He would ink Oksner's Angel and the Ape pencils for the rest of the series, displaying his humorous style he popularized at Mad Magazine and would soon begin a long stint on Superboy inking Bob Brown, drawing more on the realism of his EC work and his super-hero work at Tower.

Edited by Joe Orlando

Thursday, November 13, 2008

Excommunication Anyone?

This is about as un-Christian as you can get.

COLUMBIA, S.C. – A South Carolina Roman Catholic priest has told his parishioners that they should refrain from receiving Holy Communion if they voted for Barack Obama because the Democratic president-elect supports abortion, and supporting him "constitutes material cooperation with intrinsic evil."

Wednesday, November 12, 2008

40 Years Ago Today From DC Comics -- House of Mystery #178

House of Mystery #178 (On Sale: November 12, 1968) has a gorgeous cover by Neal Adams.

We begin with a one-page intro by Joe Orlando. This is followed by the gem of the book, "The Game" written and drawn by Neal Adams. This is one of the most amazing Neal Adams stories ever. The artwork is just wonderful, employing a grease pencil on Bristol board technique that permeates the pages with this grainy feel. Young Jamie Markus is walking home from a birthday party where he won the door prize, a board game, when it begins to rain. A light sprinkle turns into a raging storm and Jaime frantically looks for shelter, finding it in the old Unger House. The house is empty except for a large four-poster bed, with curtained valance. When Jamie hears someone coming he hides under the bed. Feeling silly he comes out of hiding to find a young boy in the bed who looks exactly like Jamie.

Jamie's doppelganger tries to get him to leave but changes his mind when he sees the game. Enclosed in the curtained bed the two boys spend hours playing the game until finally Jamie wins. Just then the other boy dives under the covers as a hand comes through the curtains and grabs Jamie. And then...well, why spoil a great ending. This was Adams at his very best. Reprinted in DC Special Blue Ribbon Digest #17 and Deadman #1.

Next is "The Man Who Haunted a Ghost" from House of Mystery #35 and drawn by Jim Mooney. In the middle of this story is a Page 13 humor piece. Following it is a Cain's game Room page by Sergio Aragones. Lastly is "What's the Youth?" by E. Nelson Bridwell, Winslow Mortimer and George Roussos.

This entire book was reprinted in Showcase Presents: The House of Mystery Vol. 1 TPB.

Edited by Joe Orlando.

Friday, November 07, 2008

40 Years Ago Today From DC Comics -- Superman #213

Superman #213 (On Sale: November 7, 1968) has a cover by Carmine Infantino and Neal Adams.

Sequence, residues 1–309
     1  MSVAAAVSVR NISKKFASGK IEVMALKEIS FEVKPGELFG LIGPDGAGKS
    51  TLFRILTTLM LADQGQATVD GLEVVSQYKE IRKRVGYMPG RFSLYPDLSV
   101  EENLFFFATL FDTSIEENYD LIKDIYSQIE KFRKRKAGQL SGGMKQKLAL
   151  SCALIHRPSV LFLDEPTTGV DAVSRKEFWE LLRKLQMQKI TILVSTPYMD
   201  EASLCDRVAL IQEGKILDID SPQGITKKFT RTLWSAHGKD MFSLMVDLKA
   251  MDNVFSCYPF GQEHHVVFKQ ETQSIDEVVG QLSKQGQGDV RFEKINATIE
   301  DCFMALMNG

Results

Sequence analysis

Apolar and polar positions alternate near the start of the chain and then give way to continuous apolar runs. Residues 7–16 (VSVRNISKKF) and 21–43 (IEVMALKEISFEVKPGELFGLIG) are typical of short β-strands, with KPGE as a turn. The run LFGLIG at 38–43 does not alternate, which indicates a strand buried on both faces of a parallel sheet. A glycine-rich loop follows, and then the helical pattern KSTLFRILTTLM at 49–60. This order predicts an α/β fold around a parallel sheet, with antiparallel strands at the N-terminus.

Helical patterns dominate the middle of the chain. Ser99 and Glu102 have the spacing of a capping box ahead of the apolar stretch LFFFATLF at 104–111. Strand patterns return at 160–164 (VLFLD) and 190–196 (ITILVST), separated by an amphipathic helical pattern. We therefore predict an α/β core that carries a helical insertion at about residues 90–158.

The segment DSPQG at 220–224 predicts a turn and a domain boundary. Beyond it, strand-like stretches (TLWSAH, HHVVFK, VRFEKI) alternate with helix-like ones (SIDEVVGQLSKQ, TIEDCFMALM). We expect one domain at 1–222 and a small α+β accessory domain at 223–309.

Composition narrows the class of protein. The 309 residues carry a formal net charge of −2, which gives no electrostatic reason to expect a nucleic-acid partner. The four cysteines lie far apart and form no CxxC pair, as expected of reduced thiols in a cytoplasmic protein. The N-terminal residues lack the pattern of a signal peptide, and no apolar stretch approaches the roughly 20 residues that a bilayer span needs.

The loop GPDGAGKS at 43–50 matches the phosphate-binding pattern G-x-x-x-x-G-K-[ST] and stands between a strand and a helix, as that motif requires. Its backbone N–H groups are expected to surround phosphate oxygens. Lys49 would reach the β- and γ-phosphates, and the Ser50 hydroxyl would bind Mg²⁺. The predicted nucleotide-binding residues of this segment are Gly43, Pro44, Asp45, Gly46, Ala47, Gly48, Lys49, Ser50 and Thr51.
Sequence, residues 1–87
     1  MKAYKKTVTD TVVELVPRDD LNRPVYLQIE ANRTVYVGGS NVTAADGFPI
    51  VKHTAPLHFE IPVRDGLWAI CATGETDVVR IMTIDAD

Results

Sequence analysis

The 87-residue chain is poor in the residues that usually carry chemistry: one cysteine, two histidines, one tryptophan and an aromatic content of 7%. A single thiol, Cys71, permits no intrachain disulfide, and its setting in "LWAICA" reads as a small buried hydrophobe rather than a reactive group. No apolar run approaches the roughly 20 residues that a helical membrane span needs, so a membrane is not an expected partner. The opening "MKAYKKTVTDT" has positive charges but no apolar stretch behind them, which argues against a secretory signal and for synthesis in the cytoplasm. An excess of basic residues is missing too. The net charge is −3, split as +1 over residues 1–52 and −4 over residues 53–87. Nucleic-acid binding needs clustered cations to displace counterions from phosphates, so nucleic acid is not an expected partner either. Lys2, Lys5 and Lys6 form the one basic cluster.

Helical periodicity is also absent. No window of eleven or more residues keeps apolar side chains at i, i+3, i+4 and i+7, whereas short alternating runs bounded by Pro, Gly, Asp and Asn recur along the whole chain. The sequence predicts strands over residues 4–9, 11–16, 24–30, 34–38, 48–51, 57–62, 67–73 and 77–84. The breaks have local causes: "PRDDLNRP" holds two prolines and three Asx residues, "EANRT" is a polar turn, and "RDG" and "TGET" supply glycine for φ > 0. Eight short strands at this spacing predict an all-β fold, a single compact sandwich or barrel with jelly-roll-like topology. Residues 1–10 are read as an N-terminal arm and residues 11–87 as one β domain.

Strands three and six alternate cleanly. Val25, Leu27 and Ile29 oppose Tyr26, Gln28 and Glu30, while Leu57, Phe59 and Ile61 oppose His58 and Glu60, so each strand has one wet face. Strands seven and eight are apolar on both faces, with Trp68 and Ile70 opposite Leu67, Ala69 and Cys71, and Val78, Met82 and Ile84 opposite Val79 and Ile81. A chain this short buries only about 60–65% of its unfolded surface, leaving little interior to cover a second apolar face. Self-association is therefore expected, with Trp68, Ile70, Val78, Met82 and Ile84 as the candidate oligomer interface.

We begin with "The Most Dangerous Door in the World" by Cary Bates, Curt Swan and Jack Abel. Superman issues a statement to the public that a special vault with valuable contents will open when he dies. The vault is made of indestructible Supermanium and is kept under heavy guard. Luthor, provoked by articles in the Daily Planet, renews his efforts to kill the Man of Steel, who exhibits signs that he is weakened.

Luthor steals the vault uses a modified version of Brainiac's shrink ray. He then uses robots with Kryptonite inside to kill Superman. Thinking that he has finally succeeded in his goal, Luthor waits for the vault to open. When it doesn't, he uses every means necessary to break into the vault.

Luthor finally succeeds in opening the vault and discovers Superman inside. The Man of Steel apprehends Luthor, then explains that Mordru had magically imprisoned him in the vault. Supergirl and the adult Brainiac 5 then tricked Luthor into opening it by having the Legionnaire pose as the Man of Steel. Angry at being tricked, Luthor is nevertheless sent back to prison vowing vengeance. Reprinted in Best of DC #27.

The back up story is "The Orphans of Space," a reprint from Superman #144 by Jerry Siegel and Al Plastino. Superman, Supergirl, and Krypto are at the Fortress of Solitude when the Man of Steel notices a plane trying to land nearby. Superman uses the capes of the three heroes to make warning flags so the plane does not land and discover the Fortress. When the plane leaves Superman returns the capes and experiments with a machine he has found.

The machine causes a huge explosion that destroys Earth. The super-trio are the only survivors. Shortly, the Interstellar Council brings Superman up on charges for destroying the planet. All three are stripped of their powers and relocated to a primordial planet.

The three awaken to discover that it was a Red Kryptonite induced hallucination. Apparently their capes were exposed to a Red K mist while used as flags. Superman removes the dust and stores it in a lead container in the Fortress.

Edited by Mort Weisinger.

Wednesday, November 05, 2008

How Do I Feel?

How do I feel about Obama's historic win?

40 Years Ago Today From DC Comics -- Aquaman #43

Aquaman #43 (On Sale: November 5, 1968) has another beautiful cover by Nick Cardy.

"To Win is to Lose" is by Steve Skeates and Jim Aparo. Vulko counteracts the substance that has been infused into the dome surrounding Atlantis. He then restores the Atlantean water-breathing ability to the people. While Atlantis celebrates, Aquagirl discovers that the injured Aqualad has gone missing.